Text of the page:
Recently, I submitted a paper titled “Learning Graphical State Transitions” to the ICLR conference. (Update: My paper was accepted! I will be giving an oral presentation at ICLR 2017 in Toulon, France. See here for more details.) In it, I describe a new type of neural network architecture, called a Gated Graph Transformer Neural Network, that is designed to use graphs as an internal state. I demonstrate its performance on the bAbI tasks as well as on some other tasks with complex rules. While the main technical details are provided in the paper, I figured it would be worthwhile to describe the motivation and basic ideas here.
Note: Before I get too far into this post, if you have read my paper and are interested in replicating or extending my experiments, the code for my model is available on GitHub.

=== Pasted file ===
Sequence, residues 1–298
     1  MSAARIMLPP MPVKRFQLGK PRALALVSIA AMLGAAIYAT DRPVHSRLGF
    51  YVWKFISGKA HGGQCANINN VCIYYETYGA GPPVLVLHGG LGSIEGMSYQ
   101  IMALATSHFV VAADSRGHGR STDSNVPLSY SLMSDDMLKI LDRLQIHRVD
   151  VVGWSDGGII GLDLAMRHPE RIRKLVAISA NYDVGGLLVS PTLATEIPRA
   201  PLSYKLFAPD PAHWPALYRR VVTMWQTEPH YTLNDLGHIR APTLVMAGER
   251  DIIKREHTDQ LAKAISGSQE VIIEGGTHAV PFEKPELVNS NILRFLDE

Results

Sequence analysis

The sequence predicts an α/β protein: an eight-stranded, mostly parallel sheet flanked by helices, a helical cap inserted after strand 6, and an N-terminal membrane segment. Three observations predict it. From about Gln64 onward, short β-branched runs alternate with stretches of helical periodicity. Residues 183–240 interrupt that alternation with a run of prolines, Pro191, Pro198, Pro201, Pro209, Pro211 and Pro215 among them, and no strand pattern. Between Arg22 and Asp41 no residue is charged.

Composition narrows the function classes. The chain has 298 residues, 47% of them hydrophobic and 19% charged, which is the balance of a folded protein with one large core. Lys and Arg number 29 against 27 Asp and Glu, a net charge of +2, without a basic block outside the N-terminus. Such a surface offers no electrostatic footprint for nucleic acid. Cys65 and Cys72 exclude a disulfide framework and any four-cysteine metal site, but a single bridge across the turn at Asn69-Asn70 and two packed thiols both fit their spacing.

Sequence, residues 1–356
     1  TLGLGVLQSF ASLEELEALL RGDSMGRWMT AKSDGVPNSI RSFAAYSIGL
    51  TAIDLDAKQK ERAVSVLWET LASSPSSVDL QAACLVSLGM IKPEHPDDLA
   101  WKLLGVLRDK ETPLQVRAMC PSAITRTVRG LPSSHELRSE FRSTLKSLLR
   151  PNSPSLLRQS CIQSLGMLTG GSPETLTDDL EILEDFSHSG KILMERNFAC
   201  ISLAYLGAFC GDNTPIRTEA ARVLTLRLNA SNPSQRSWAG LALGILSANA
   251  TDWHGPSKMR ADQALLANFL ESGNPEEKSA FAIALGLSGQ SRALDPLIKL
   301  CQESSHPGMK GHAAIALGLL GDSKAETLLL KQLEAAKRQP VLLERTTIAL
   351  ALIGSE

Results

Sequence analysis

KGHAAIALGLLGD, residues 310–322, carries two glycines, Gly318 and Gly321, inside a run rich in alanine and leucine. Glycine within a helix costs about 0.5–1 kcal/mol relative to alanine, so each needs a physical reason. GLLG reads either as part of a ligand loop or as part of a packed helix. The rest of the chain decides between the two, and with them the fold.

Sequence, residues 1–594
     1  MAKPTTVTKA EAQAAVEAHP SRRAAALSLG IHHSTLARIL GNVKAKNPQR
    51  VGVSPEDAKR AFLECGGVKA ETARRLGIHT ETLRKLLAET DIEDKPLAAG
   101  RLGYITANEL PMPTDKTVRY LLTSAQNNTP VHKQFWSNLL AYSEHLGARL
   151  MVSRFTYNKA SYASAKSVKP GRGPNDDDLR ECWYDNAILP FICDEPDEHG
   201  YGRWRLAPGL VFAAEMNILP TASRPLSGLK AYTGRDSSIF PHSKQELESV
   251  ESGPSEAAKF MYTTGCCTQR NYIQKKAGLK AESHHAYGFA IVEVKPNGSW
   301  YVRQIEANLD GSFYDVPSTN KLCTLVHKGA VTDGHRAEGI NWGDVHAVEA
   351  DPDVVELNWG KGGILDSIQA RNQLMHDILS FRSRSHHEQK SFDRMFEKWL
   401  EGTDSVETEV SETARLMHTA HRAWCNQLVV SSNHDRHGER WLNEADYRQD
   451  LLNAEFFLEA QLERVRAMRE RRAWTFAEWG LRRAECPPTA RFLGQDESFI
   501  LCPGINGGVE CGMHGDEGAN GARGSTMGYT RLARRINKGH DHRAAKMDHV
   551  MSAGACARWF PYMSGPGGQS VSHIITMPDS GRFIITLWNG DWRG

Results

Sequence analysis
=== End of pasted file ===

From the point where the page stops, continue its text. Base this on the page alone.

Another thing that I’ve noticed is that almost all of the papers on machine learning are about successes. This is an example of an overall trend in science to focus on the positive results, since they are the most interesting. But it can also be very useful to discuss the negative results as well. Learning what doesn’t work is in some ways just as important as learning what does, and can save others from repeating the same mistakes. During my development of the GGT-NN, I had multiple iterations of the model, which all failed to learn anything interesting. The version of the model that worked was thus a product of an extended cycle of trial and error. In this post I will try to describe the failed models as well, and give my speculative theories for why they may not have been as successful.